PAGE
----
Page:Journal of the Asiatic Society of Bengal Vol 7, Part 1.djvu/527

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1838.]
457
Proceedings of the Asiatic Society,


et intellectuel de l'lnde, et sur les bases de la puissance Britanique de ee pays, on it6 penibleraent frapp^s de cette ordonnance qui a paralyse l'activite du Comity de 1' instruction publique ; et Ton a su appr^cier la resolution genereuse de la Society Asiatique de Sparer le tort que 1'ignorance et la barbarie menaeaient de faire a la cause de 1' Erudition et des lumieres. Cette Soci^te, depuis sa fondation, a rendu d'immenses services ; elle a puissamment contribu£ a 1'avancement de nos connais- sances. Nous lui devoos une infinite* d'observations et de d^couvertes, et cette abondance de mat^riaux dont nousjouissons aojourd'hui. Le d^partement auquel les orientalistes, qui vivent en Europe, doivent se vouer de preference, c'est la critique philologique, la correction la plus soigifee des textes et l'art de 1'interpretation, En Allemagne et dans le nord le zele pour 1' etude du Sanscrit se maiutient tonjours et se r£pand m£me de plus en plus. On enseigne cette langue dans plusieurs universifes Allemandes : a Bonn le professeur Lassen et moi, nous an donnons des cours concurremment tous les semestres, sans avoir £gard au petit nombre d'£co- liers qui se piesentent. L'hiver dernier j'ai euparmi mes auditeurs un jeune savant de Copenhague, et un autre n£ a. St. Petersbourg. Un orientaliste d'Upsala, qui, le premier dans son pays, s'est applique* au Sanscrit, et a fait un voyage litteraire dans ce but, me fut address^ dernierement par le professeur Wilson, et je l'ai trou-

assez avance pour pouvoir le recommender au gouvernement Suedois. 

" J'ai ete douloureusement affecte par la mort de mon immortel ami et demon grand oracle Colebrooke, quoiqu'elle ne fut que le terme d'une existence depuis longtemps bris^e par les infirmites.

" Le professeur Rosen, dans la force de l'age, a ete enleve presque subiteraent a ses amis et aux lettres, dansle moment ou il se preparait de passer an Allemagne, afin de revoir sa famille ou m'assure que l'impression de sou travail sur le Rig- veda est presque achevee. Les etudes asiatiques ont aussi fait une perte dans la personne du Baron Schilling de Cronstadt, conseiller d'etat a St. Peters- bourg. Mon savant ami avait fait un voyage en Siberie, et sejourne long temps an-dela, du lac Baical parmi les Buriites. II s'etait concilie la bienveillance de quelques pr£tres Bouddhiques, de sorte qu'il en a rapporte une immense collection de livres Tibetains. Les doubles seules, qu'il mit en depot chez moi, il y a deux ans, remplissaient six caisses. Je les ai expediees a l'institut de France, auquel il en avait don. La grande collection est restee a St. Petersbourg, et passera sans doute a la bibliotheque Impeiiale."

The Secretary communicated the following extract from Professor Wilson's last letter on the subject of the Masson collection of coins.

" I have been lately occupied ratber industriously with Masson's coins. We received those of 1833-34 in the summer;those of 1835 only about three months ago. After inspecting the first batch I proposed to the court through the chairman and several of the directors to give a lecture upon them ; but this was thought an un- advisable innovation and the measure was abandoned. I was determined however not to drop the subject, and therefore gave my lecture the form of a memoir, which I presented and which was received very graciously. I suggested at the same time the advisableness of publishing a book with plates, and offered to prepare the mate- rials if the court would bear the expense, proposing that after taking such number of copies as the court might require, to make over the rest to Mr. Masson's family for their benefit. There seems to be a disposition to accede to the arrangement, or at any rate to give to Masson or his family some further remuneration for the coins as their pecuniary value is much beyond what they cost."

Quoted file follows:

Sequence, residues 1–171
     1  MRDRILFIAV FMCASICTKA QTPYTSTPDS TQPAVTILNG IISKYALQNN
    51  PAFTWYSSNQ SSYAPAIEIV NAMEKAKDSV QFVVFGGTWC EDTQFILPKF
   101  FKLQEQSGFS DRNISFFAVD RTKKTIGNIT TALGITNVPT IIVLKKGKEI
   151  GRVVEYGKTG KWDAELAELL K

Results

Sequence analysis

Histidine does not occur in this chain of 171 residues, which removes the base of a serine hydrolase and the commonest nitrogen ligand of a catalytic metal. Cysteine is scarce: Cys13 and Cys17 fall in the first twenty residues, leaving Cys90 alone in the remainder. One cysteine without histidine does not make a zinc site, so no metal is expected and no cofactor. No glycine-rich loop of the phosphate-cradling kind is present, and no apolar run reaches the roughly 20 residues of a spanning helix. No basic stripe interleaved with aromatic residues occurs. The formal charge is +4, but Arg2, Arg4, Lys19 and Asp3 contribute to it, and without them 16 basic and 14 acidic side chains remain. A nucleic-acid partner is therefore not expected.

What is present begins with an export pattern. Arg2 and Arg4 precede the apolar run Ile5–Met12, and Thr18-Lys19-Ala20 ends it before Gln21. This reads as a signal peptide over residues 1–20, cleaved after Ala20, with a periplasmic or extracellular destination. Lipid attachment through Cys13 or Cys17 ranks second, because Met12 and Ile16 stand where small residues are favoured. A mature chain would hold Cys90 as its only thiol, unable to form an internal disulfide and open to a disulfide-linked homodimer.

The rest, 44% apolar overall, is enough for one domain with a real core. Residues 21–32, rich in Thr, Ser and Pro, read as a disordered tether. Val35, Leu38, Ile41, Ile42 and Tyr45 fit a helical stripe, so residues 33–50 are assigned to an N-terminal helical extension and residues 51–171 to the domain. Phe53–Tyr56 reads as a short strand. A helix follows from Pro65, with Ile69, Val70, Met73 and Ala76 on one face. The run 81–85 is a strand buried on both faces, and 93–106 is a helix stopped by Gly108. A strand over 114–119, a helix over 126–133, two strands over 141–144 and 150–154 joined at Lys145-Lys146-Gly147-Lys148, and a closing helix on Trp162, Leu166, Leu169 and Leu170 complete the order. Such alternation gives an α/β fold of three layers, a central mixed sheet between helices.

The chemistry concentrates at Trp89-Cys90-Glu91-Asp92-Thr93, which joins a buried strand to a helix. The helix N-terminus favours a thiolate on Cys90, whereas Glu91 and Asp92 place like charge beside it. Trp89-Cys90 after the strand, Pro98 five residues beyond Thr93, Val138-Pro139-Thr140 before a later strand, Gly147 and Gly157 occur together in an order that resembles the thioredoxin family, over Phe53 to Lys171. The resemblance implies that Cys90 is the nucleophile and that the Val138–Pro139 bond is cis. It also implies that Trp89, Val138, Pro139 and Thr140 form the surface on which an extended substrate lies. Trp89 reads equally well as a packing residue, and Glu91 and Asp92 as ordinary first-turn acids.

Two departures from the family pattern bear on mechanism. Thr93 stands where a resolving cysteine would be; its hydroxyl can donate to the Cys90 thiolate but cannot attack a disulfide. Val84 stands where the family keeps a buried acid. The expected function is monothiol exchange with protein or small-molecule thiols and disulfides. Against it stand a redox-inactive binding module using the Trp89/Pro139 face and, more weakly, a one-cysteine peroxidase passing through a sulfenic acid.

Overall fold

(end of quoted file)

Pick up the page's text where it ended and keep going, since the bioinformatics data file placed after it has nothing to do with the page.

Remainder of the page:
By a recent letter from Capt. Burnes it would appear that a supposed reflection had been cast on Masson's labours in Professor Ritter's remarks on the topes published in a preceding journal.

  • ' Masson was not one of those who dug into the topes to get at the hidden trea-

sure without thinking of other things ; his researches were laborious, minute, and scrutinizing; height, depth, &c. were all noted. I have seen some of his MSS. in which particulars are preserved amply to satisfy the German Professor."

We may add to the above that we are sure no slur was intended on Masson's no more than on General Ventura's or Court's explorations, in which every care was taken to record the exact position of the ' trouvailles.' The information sought by the German Professor was of a specific nature.

A letter from the Society's Paris agent dated 8th January, mentioned the death of the Baron Schilling before he had heard of his election.

Major Troyer mentions that the Sanskrit text of the six first books of the Tarangini is printed, and the Fiench translation is put to press. He has now accept-